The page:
Mum of fatal crash victim says family is 'crushed'
THE tragic fallout of a horrifying car crash which killed two young people from the Woodenbong community has been aired at the sentencing hearing of the 22-year-old driver, Ben Vincent Knight.
Knight has pleaded guilty to two counts of dangerous driving occasioning death in relation to the crash which occurred about 9pm last September 22.
He was driving his unregistered Nissan 300ZX with no seats or seatbelts along the Mt Lindesay Highway with four passengers when he swerved to avoid a possum and hit an embankment at high speed just 500m from his home.
All five occupants were thrown from the coupe, with 22-year-old Adam Morrison and a 17-year-old sustaining critical injuries and later dying in hospital.
A victim impact statement read by a police officer on behalf of one of the victim's mother said the accident had "crushed our family but we remain strong together".
Knight was also critically injured, and has been left with a brain injury.
At the hearing Knight's mother Anne Smith gave evidence that her son was "not the same as he was before the accident", experiencing memory lapses such as leaving food on the stove and forgetting about it. He also needed ongoing rehabilitation on his shoulder and hips.
The court heard that Knight grew up in an environment marked by domestic violence from his father, a paranoid schizophrenic who targeted his mother and the elder children in the family.
His father died when he was 10, and the family had little money.
Woodenbong farmer Paul Johnson told the court that Knight had worked on his farm since he left school and was a "very capable" and a "good worker" for whom "nothing was a problem" despite his challenging background.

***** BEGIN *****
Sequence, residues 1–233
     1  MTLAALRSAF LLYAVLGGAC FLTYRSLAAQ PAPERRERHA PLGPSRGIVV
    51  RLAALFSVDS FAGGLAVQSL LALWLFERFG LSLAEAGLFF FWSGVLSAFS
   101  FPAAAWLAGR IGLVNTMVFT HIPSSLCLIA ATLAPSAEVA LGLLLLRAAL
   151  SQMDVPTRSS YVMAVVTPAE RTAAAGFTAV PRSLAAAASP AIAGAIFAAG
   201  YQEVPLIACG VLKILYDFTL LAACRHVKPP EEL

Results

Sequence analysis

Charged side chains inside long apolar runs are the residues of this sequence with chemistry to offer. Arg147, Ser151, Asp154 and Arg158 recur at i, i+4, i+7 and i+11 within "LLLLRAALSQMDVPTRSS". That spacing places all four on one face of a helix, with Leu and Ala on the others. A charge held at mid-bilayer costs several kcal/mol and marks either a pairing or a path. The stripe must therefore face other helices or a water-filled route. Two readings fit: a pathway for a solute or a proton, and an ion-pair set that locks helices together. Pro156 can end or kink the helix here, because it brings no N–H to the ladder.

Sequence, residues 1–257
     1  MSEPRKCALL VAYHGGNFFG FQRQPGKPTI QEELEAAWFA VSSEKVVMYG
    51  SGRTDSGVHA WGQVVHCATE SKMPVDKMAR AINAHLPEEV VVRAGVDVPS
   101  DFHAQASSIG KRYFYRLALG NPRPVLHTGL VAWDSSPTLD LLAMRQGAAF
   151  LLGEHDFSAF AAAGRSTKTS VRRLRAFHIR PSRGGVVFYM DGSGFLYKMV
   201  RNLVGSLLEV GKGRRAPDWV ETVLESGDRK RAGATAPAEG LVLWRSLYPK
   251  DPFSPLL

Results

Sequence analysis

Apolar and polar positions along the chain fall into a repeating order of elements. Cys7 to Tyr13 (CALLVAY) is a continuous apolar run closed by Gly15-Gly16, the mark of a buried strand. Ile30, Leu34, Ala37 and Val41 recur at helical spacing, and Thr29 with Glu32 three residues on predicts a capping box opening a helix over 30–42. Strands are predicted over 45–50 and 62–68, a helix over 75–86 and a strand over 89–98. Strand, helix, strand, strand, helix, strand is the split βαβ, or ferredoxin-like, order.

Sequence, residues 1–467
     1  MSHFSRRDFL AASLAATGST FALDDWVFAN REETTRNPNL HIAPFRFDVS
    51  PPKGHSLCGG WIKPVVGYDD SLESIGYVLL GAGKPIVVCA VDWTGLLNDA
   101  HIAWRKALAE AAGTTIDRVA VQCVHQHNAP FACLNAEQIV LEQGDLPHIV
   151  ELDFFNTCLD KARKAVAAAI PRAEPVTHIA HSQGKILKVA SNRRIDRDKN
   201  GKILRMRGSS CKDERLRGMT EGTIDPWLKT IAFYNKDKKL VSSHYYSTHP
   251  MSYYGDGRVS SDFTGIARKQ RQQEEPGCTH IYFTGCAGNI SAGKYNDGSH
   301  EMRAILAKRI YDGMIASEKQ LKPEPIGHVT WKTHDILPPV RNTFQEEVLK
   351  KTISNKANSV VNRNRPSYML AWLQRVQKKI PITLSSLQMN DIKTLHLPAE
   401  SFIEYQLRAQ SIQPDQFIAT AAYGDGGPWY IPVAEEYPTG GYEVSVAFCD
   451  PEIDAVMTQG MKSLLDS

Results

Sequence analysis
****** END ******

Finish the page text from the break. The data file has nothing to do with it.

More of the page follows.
He "was the kind of bloke who could turn his hand to anything and have a go at anything", Mr Johnson said.
He said he had "never heard anyone to say a bad word about Ben".
He said on one occasion when he asked him how he was faring emotionally after the event.
"He looked at me with tears in his eyes... (and said) 'how do you think I would feel if you had done what I've just done."
During the hearing Knight's solicitor High van Dugteren argued passionately for the court considering an extra-lenient sentence, which might include the possibility of community service with a suspended jail sentence.
The Crown has argued the dangerous driving was aggravated because of the state of the vehicle.
But Mr van Dugteren argued Knight's moral culpability was "very low" because he was not speeding, driving erratically, or under the influence of drugs or alcohol when the crash took place.
He also argued Knight's background of "abject poverty" and an "incredibly violent father" should be taken into account.
Knight had also shown an "incredibly capacity" to support the family of the deceased.
"Despite his background he's done amazingly well."
"I'd argue that this man fully appreciates what he has done."
Crown prosecutor Ben Cochrane argued that the court had a jurisdiction to uphold public safety which is why general deterrence in sentencing was so important.
Judge Dina Yehia will complete Knight's sentencing next Tuesday, November 7, in Lismore District Court.